|Home | Issues | The Daily Star Home | Volume 5, Issue 45, Tuesday November 18, 2008|
Tansum chowdhury, 24, teacher at an English Medium school in Dhaka, is all set to get married to her high school sweetheart in December this year. Both their parents approved their relationship at an early age, and it was only a matter of time that their love would culminate in marriage. “It has been a long wait. When we fell in love we hardly understood what 'marriage' was all about, but our relationship has stood the test of time,” says Tansum with a sense of pride.
The plans for the Big Day are elaborate. The Chowdhury-Rahman wedding is expected to cost a staggering million takas. This is what Masud has to say, 'I don't think we are going for an extravagant wedding. Of course it could have been cheaper, but I could also have rented Darbar Hall and blown the affair truly out of proportion.'
Tansum shares a similar thought, 'I am looking for a unique wedding and I am trying to make the best out of the stipulated budget. It's the single most important thing in the lives of two people and I am doing everything I can to share it with my family and friends.'
Big weddings are not too uncommon these days. The winter chill seems to bring in a season of festivity in countless families. Wedding budgets in an average middle class family now circle around the million takas mark, and with the rising price of gold, the budget is only set to push its upper limit.
Nasrin Chowdhury happily agreed when her daughter suggested a joint holud. “Tansum and Masud have an extensive list of friends. They want to share the fun and frolic with them. The joint holud not only allows a significant reduction of the wedding budget but it is also less of a hassle.”
The idea is not new. This has been observed as the current trend. As Nasrin Chowdhury indicated it does reduce the cost, and if the guest list can be kept to the minimum, it does offer the prospect of a significant decrease in the wedding budget.
'I hired a florist to do the holud stage. It's costing around Tk 20,000. The menu is kept to a minimal tehari. To give a 'carnival' look we are bringing jhalmuri wala, fuchka cart, and a jilebi maker to the holud. There will be a kaleidoscope for the children and also candy floss.
A friend of mine is bringing a professional photographer. It's his gift for my wedding I could not have been happier. And of course there is the band.' says Tansum.
Her mother, however does not share the same enthusiasm. “I don't see the point in making such an elaborate plan for the holud. I had suggested a cheaper venue, and a simpler stage. The holud card could have been simpler and yes, the photographer could have been one of her friends instead of the expensive professional they are bringing. I could have cut down at least 25-30 thousand takas in the areas I just mentioned.”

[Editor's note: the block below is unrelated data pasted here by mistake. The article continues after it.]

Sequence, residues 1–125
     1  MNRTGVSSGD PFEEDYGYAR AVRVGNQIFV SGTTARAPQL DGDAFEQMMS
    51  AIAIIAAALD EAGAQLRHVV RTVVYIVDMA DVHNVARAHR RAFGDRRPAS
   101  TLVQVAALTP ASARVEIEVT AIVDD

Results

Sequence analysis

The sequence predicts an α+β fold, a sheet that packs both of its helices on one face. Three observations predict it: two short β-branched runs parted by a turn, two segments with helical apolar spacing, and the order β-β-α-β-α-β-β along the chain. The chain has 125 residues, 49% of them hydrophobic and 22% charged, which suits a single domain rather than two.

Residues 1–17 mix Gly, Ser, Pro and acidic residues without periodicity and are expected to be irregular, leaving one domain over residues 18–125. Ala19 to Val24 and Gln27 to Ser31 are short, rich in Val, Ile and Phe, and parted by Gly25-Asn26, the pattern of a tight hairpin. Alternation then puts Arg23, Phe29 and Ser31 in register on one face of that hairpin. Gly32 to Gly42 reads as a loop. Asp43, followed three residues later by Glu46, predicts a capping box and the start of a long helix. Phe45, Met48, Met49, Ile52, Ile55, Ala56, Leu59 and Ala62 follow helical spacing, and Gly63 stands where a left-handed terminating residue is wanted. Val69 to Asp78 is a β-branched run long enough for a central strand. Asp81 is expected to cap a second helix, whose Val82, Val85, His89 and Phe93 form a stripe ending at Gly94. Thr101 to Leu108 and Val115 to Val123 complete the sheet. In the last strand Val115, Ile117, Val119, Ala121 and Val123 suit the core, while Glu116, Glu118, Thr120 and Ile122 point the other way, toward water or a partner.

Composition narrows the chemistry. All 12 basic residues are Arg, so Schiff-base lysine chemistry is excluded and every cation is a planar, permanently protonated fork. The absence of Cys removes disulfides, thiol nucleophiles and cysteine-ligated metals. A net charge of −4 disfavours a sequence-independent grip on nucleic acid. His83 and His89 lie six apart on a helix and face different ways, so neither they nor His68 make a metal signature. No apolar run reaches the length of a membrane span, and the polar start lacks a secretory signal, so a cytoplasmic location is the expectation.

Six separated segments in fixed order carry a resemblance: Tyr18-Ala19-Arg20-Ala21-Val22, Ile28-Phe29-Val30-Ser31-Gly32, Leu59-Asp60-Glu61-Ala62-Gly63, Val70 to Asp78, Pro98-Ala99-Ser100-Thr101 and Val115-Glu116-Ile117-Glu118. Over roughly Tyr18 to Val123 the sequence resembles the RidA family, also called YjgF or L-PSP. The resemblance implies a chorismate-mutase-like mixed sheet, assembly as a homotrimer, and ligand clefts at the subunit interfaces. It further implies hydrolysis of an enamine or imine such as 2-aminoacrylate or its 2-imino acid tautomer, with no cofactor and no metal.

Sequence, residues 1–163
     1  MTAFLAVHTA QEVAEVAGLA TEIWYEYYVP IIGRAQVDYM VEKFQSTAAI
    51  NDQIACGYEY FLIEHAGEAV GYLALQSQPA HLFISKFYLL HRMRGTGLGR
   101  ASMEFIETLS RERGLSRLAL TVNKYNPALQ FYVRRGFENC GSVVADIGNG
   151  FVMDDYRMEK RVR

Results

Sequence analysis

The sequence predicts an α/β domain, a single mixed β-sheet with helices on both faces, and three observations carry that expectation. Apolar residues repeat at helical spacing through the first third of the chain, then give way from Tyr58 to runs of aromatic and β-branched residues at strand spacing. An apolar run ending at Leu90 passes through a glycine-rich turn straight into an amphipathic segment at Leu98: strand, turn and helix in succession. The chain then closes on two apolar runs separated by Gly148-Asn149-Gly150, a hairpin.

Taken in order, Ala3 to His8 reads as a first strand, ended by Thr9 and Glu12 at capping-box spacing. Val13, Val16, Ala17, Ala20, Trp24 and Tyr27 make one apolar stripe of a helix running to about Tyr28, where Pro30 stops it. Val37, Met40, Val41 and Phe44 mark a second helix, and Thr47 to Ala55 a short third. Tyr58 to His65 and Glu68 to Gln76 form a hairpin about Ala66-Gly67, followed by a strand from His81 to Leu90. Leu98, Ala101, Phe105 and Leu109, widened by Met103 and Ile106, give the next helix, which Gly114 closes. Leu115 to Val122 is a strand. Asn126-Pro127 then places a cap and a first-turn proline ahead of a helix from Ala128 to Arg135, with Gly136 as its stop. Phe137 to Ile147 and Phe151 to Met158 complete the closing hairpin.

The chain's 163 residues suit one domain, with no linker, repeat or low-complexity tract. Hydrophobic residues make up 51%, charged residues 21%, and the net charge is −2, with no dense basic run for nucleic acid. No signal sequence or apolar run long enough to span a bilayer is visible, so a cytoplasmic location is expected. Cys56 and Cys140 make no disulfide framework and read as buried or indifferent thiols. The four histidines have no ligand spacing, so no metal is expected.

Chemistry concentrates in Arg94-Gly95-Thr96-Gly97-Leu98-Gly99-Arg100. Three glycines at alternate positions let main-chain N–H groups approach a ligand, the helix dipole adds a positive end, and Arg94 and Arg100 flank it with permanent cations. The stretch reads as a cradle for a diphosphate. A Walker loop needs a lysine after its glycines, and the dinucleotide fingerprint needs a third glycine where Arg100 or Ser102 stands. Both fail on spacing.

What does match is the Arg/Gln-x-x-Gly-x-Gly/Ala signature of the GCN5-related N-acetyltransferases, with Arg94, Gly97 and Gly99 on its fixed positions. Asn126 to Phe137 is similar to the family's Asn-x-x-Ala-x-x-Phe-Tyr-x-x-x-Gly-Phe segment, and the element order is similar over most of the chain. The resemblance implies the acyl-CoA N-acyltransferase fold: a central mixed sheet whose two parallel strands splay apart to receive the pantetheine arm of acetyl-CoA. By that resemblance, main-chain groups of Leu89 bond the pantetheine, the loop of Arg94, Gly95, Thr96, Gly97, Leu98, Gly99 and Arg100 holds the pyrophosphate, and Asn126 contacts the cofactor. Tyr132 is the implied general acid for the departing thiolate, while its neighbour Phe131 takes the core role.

When asked if the same could have been arranged at home, Nasrin replied “I couldn't have handled the affair. The invitee list is way too big for a homely wedding. And contrary to what everyone thinks, it would not have been cheaper. We simply couldn't cut down on the guests and the food would have cost the same. Considering the decoration charges and the logistics that community centres have to offer, they are easily the preferred choice.”
The Tansum-Masud wedding will take place at the Eskaton Ladies' Club. Near to home, and considerably cheaper than other centres, Nasrin Chowdhury plans to play host to near eight hundred people. “I have relatives in my family who have looked forward to the wedding ceremony of my eldest daughter. There is simply no way of not inviting them. And then there are people Tansum have come across at work, school and university. Although the guest list seems exceedingly long, I simply could not accommodate.”
Tansum is not unhappy. “I have always wanted a grand wedding. And I am having one.”
The notion of entertaining 500 plus guests in a homely setting is out of the question. Asked why they have not opted for a joint reception, as they have done with the holud, Tansum says, “It is our family tradition.”
Traditions and customs are for the people. We must forsake mores that play hindrance to life and society as a whole. Today, it is near impossible for a middle class family to arrange a wedding within financial means. We spend more than we can, simply because we want more than we should.
The days of the homely wedding are long gone where each member, even the extended family played a significant role. We have seen the holud culture undergo an Indian influence in the order of singing and dancing. The 'emotional and loving' holud is now gone. We have also observed the advent of the mehendi raat on a grander scale than it was before.
Families end up spending more sans the emotional attachment. Why can't we have more of joint receptions, as we do for holuds? Breaking the expenditure right down the middle will not only come as a sigh of relief for the two families but will also ensure 'staying within limits'.
By Mannan Mashhur Zarif
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